# Logic for Computer Science/Applications

In the following we briefly consider some applied problems where the expressibility of languages matter. It easily becomes clear that FO does not suffice for many cases. To overcome the restrictions of FO there exist many extensions such as fixed-point logic, counting logic, miscellaneous flavours of second-order logic, etc. which are not covered in this chaper [chapter | paper].

## Database Theory: SQL

Relations have named columns called attributes

   frequents |  drinker  bar
----------|---------------
|

   serves    |  bar  beer
----------|---------------
|

   likes     |  drinker  beer
----------|---------------
|


Standard Query Language:

Relational calculus variant of FO on relational vocabulary (no functions just relations).

Here constants have a fixed interpretation, this is slightly different than in FO logic.

Examples of relational queries:

(i) Find all bars that serve Bud

${\displaystyle \{b:bar|serves(b,Bud)\}}$

b is a free variable, Bud is a constant.

(ii) Find the drunkers [drinkers | drunkards] who frequent some bar that serves Bud
${\displaystyle \{d:drinker|\exists b(frequents(d,b)\wedge serves(b,Bud))\}}$

(iii) Find the drinkers who frequent only bars serving Bud
${\displaystyle \{d:drinker|\forall b[frequents(d,b)\longrightarrow serves(b,Bud)]\}}$

(iv) Find drinkers who frequent only bars serving some beer they like
${\displaystyle \{d:drinker|\forall b(freq(d,b)\longrightarrow \exists c(serves(b,c)\wedge likes(d,c)))\}}$

SQL Representation of these queries:

   SELECT s.bar
FROM serves s
WHERE s.beer = 'Bud'


   SELECT f.drinker
FROM freq f, serves s
WHERE f.bar = s.bar and s.beer = 'Bud'


   SELECT drinker
FROM freq
WHERE dr NOT IN
(
SELECT f.drinker
FROM frequents f
WHERE f.bar NOT IN
(SELECT bar
FROM serves
WHERE beer = 'Bud')
)


Relational Algebra

Is an alternative representation language used in SQL. What you can represent using relational algebra is absolutely the same as what you can represent in FO logic. It constitutes of simple operations on relations that allow you to specify queries.

Main Operations

${\displaystyle \Pi }$  Projection : Project relations on a subset of its columns (attributes).

${\displaystyle \sigma }$  Selection : Selects a subset of tuples from a particular relation, based upon a specified selection cond ition.

${\displaystyle \cup }$ , ${\displaystyle -}$  Union, Diff  : similar to set operations.

|><| Join : allows you to combine tuples from two relations.

Rename : renames A to B.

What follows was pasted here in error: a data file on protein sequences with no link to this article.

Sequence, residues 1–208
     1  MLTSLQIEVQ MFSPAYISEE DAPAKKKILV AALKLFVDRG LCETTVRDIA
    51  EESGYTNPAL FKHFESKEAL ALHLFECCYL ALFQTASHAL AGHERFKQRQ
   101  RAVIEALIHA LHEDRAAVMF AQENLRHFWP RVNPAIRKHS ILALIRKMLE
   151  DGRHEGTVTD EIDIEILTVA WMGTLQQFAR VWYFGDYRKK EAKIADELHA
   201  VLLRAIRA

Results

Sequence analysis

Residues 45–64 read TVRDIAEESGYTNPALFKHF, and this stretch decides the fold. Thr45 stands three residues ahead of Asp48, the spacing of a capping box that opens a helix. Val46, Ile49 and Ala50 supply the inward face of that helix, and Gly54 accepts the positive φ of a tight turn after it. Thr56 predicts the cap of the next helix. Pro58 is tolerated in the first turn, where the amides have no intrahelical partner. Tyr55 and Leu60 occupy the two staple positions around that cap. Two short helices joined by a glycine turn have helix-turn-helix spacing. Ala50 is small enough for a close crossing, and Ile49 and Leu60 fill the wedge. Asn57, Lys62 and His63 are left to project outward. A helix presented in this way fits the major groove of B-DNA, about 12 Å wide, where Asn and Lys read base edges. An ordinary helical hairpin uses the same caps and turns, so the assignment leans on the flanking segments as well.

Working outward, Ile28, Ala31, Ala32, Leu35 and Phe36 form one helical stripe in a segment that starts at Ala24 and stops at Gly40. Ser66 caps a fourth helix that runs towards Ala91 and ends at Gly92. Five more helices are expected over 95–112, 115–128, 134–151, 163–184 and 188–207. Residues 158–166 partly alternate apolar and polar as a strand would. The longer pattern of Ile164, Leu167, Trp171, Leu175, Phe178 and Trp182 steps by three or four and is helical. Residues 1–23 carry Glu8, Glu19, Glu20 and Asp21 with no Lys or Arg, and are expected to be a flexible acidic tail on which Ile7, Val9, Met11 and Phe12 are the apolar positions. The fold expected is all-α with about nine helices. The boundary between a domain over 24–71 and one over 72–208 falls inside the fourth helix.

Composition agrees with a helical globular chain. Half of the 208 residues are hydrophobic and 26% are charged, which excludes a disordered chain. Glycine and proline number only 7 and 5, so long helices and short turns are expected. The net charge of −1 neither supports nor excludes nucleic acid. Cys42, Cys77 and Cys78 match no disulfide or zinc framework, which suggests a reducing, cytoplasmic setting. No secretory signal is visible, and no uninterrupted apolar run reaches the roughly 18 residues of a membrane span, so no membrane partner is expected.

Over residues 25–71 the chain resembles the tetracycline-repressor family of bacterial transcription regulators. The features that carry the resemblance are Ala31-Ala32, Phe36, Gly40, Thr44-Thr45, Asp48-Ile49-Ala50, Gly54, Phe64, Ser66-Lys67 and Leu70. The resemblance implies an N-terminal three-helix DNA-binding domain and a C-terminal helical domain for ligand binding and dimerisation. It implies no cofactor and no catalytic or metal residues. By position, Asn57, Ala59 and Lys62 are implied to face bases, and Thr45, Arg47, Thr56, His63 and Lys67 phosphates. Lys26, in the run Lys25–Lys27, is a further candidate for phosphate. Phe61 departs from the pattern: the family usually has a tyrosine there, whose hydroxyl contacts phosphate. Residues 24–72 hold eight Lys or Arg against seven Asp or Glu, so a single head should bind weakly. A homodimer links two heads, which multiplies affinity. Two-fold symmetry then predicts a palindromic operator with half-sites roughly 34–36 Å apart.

Expressions built from these expressions are called a relational algebra query. Whatever you can express in algebra we can represent in FO.

Examples:

(i) ${\displaystyle \Pi _{bar}(\Sigma _{beer=Bud}(serves))}$

(ii) ${\displaystyle \Pi _{dr}(freq|><|\sigma _{beer=Bud}(serves))}$

(iii) ${\displaystyle \Pi _{d}(freq)-\Pi _{d}[freq|><|(\Pi _{bar}(freq)-\Pi _{bar}(\Sigma _{beer=Bud}(serves)))]}$

Expressive Power

Graph properties correspond to properties of datastructures in relational databases (see the chapter on database queries), e.g.:

• Consider a companies database that contains all managers together with the 'is superordinate' relation amongst them. In a proper heirachy the database should contain no circles, i.e. a manager can not be a superordinate of his superordinate. Querying this corresponds to checking a graph for cyclicity. As from above this can not be done in FO.
• Say two managers want to find out if one of them is more powerful than the other. So the want to query the database if the number of their subordinates is equal, i.e. the cardinalities of the sets of subordinates (say, directly and indirectly) is equal. This can't be done in FO ("FO can not count"). This is the reason why SQL is extended by a counting function.
• Consider a database of airports and connection flights among them. In order to query the direct reachibility of airport b from airport a we can write

${\displaystyle q_{0}(a,b)=F(a,b)}$ .

Now in order to query connections with one change of plane we write

${\displaystyle q_{1}(a,b)=\exists _{c}F(a,c)\land F(c,b)}$  and get ${\displaystyle Q_{1}(a,b)=q_{1}(a,b)\lor q_{1}(a,b)}$

for connections with zero or one change. Thus in order to extend this to reachibility (of no matter how many changes) we have to write

${\displaystyle \bigvee _{k\in \mathbb {N} }q_{k}}$

what is not a FO expression. So we are fine with FO for a restricted reachibility up to a certain k but not for reachibility as it appears in graph theory. In fact it can be shown that reachibility can not be queried in FO.

## Descriptive Complexity Theory

As mentioned above Hamiltonicity can not be expressed in FO. So now one can think of an extension of FO in order to express this property. This can be done like

${\displaystyle \exists L\exists S(isLinOrd(L)\land isSucRelOf(S,L)\land \forall _{x}\exists _{y}(L(x,y)L\lor L(y,x))\land \forall _{x}\forall _{y}(S(x,y)\implies E(x,y)))}$

where the quantifiers on the left state the existence of the binary relations L and S that satisfy the formula on the right. The realtion isLinOrd states that L is a linear order and isSucRelOf means that S is the successor relation of L. Both can be expressed in FO. The pattern as above, second-order existential quantifiers followed by a first order formula is called existential second order logic.

Now it is well known that Hamiltonicity is a NP-complete problem and one can ask: is there a natural connection between NP and second order logic? Indeed, there is a very amazing one: existential second-order logic corresponds exactly (!) to the class of NP-complete problems! This result is known as Fagin's theorem, it has lead to the new area of descriptive complexity where complexity classes are described by means of logical formalisms.